I am also NOT claiming that luminance difference is the correct metric either. (it isn't!! Luminance is not perceptually uniform) But it is useful to point out that Weber and Michaelson contrast BOTH use luminance difference as part of their calculation.

Weber*** Michaelson*** are the methods used in most research where contrast is defined, as well as standards like the ISO. The WCAG however uses simple contrast, which is widely acknowledged as inferior for this specific application. Simple contrast is useful to measure two absolute luminances, such as the max brightness and max darkness of a monitor (#FFF & #000) at these extremes, gamma does not come into play (though perception does relevant to ambient lighting). But as this page has demonstrated, simple contrast ratios appear not relevant in isolation in regards to actual legibility.

On the subject of AMBIENT LIGHTING, it should be clear that the ratio between ambient and screen luminance is important. Certainly #AAA background at 32 cd/m2 which is fine indoors with an ambient of 64 lux, would be overpowered by exterior daylight at 32,000 to 110,000 lux. But similarly, if you take your laptop to a dark room with all lights off (0 lux, except for the laptop's screen) then even the darkest 3:1 contrast example can become readable — though in this case we'd want to see it without the white surrounding background:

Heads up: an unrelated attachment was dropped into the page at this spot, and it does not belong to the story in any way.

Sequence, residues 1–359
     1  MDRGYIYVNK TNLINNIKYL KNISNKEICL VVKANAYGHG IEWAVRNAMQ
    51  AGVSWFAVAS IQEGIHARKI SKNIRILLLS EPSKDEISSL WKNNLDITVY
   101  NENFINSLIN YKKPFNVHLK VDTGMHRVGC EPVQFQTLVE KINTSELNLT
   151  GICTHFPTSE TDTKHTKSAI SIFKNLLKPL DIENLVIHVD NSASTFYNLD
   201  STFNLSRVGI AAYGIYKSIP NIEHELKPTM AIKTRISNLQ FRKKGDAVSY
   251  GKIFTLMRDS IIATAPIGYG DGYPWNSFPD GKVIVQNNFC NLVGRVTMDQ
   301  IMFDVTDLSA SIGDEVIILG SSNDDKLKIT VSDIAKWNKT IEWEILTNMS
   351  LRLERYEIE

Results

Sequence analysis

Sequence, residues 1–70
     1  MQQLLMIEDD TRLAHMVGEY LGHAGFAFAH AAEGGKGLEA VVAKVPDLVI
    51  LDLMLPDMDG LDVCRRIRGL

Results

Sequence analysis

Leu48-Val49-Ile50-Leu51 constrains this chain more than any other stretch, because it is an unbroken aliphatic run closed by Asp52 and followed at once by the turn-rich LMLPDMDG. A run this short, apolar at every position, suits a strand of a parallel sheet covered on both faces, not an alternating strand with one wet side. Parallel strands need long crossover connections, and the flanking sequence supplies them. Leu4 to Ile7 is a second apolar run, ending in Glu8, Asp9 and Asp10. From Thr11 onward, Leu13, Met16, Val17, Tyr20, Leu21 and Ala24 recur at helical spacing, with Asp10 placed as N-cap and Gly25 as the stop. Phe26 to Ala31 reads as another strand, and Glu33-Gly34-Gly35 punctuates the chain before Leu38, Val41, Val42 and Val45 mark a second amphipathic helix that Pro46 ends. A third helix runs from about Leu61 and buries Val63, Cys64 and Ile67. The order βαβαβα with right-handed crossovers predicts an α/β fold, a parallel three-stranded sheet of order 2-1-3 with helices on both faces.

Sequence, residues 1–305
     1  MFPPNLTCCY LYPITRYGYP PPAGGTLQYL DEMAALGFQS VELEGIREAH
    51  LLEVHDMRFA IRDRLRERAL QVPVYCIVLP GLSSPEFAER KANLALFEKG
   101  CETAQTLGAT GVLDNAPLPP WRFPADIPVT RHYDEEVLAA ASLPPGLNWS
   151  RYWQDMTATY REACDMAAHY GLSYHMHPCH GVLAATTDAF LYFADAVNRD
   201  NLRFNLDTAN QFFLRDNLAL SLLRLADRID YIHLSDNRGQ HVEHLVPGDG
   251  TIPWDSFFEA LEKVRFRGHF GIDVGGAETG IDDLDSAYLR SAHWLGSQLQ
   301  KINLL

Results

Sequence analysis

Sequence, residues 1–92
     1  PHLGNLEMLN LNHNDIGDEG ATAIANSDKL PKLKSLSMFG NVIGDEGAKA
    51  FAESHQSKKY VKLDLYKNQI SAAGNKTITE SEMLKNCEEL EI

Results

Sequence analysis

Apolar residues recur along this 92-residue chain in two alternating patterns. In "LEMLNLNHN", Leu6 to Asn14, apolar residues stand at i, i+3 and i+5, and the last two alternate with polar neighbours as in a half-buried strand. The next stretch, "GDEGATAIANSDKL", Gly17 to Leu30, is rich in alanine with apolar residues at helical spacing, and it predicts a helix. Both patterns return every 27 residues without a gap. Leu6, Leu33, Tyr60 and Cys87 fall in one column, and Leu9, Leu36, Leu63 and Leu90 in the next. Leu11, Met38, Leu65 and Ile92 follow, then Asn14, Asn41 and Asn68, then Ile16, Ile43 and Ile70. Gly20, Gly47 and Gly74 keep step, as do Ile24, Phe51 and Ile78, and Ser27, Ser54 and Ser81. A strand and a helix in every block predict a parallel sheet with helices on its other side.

Look at this very dark text on black.

See how different it appears in a completely dark room.

This is a test of body text. #555B52; background: #000
This text is using a WCAG contrast of 3:1

The font size is 1 rem, so it is at the user agent default (typically 16px). Of course many phones, iPads, and laptops adjust the screen luminance, making them darker in a dark environment. Ideally, you should turn the auto-brightness feature off for this test.

The padding of this element has been substantially increased. This is so your eyes locally adapt to the black background. If possible, set the screen such that there is little to none of the page's white background showing while viewing this large black div.